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Great News NFL Fans: Avocado Prices Have Crashed

After surging to record highs in the first half of 2022, wholesale avocado prices crashed in late summer into fall time, just as the NFL season kicked off. Guacamole is the star player at any football party, and this season, there’s a sign of relief that avocado prices are back to affordable levels. 

For a 20-pound box of avocados from the state of Michoacan, Mexico (the central hub of Mexican avocado production), prices jumped as high as $51 in May. Some main drivers in igniting prices to record highs were production woes and import issues at the border. Even during the Super Bowl in February, we pointed out Americans were paying some of the highest costs ever for the fruit.

Now Mexican wholesale avocado prices have collapsed from $51 to $16, or a 70% drop, because of oversupplied conditions in US markets. 

After border trade was resolved and shipments restarted earlier this year, Mexican farmers produced bumper crops.

“It’s one of those odd situations where this extreme oversupply of avocados is only possible because of a perfect storm of Black Swan events. For consumers, avocados right now are the green lining to the storm clouds of food inflation,” Richard Kottmeyer, managing director of food, agriculture and beverage with FTI Consulting, told CNN.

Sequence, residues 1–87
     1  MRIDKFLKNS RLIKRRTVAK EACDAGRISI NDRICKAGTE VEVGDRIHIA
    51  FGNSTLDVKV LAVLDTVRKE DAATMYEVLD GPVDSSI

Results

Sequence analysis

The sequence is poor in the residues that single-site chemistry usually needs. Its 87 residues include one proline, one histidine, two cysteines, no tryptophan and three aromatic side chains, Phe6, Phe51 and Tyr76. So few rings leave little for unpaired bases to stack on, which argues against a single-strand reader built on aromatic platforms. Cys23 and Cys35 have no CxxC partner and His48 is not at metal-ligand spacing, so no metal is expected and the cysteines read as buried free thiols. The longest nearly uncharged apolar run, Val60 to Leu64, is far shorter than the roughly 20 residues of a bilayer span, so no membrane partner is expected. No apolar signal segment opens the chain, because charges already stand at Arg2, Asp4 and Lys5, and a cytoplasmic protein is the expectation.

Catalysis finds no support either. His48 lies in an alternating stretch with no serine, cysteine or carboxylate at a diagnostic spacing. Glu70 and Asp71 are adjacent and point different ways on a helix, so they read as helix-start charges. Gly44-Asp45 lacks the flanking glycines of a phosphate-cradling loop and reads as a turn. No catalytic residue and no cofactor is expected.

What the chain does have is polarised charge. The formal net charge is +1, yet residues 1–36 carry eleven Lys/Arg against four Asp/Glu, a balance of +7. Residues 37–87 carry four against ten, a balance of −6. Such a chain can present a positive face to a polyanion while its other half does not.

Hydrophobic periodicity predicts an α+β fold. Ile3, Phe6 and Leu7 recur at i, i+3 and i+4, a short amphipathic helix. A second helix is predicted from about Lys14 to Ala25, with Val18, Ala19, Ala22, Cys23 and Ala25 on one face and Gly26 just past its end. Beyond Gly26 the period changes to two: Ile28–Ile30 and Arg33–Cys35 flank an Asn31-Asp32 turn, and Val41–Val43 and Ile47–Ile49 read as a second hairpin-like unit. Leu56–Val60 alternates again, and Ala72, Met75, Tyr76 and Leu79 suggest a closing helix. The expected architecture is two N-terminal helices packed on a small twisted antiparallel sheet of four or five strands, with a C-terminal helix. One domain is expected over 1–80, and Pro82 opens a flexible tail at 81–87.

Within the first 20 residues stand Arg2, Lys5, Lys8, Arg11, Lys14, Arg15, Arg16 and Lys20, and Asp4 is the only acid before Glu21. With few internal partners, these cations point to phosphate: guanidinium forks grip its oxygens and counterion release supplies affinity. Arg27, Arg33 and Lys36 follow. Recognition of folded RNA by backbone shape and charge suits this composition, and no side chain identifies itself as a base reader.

Kottmeyer said, “much of the avocado oversupply has wound up in US.” And the glut in avocados has pushed down supermarket prices and should extend well into the middle of 2023. 

Sliding fruit prices from Mexico have put a dent in Mission Produce’s fiscal fourth quarter with a loss of $42 million or 59 cents a share, on net revenue of $238 million, flat with a year ago. 

Bank of America said the company that sources, produces, packs, and distributes fresh avocados to supermarkets, wholesale, and food service customers across the world had a challenging quarter because “market prices of Avocados dropped while cost inflation remained high.” 

Mission Produce shares plunged as much as 15% to $12.40 a share — nearly the level at which the company went public in late 2021 — after earnings were released on Thursday. 

BofA is optimistic about Mission Produce’s future for the next fiscal year: 

Looking ahead to FY23, avocado supplies appear to be more abundant which should support volumes and restore some normalcy to the market place. This should support improvement in EBITDA. A longer term question in our view is the scope that AVO (and the market) can pass through the more structural non-fruit related cost inflation as contracts renew, we expect to see some progress in FY23.

And the bank reiterates its Buy rating on the company with a $19 price target as fundamentals are forecasted to improve in the quarters ahead. 

Demand for avocados is certainly not decreasing. There’s a supply wall that Americans will have to eat through — and we’re assuming cheap avocados will spur millennials back into the avocado and toast craze. 

Looking ahead, we wonder if traders font-run Mission Produce shares ahead of the Super Bowl, which is the biggest consumption event for avocados. 

This post was originally published on this site

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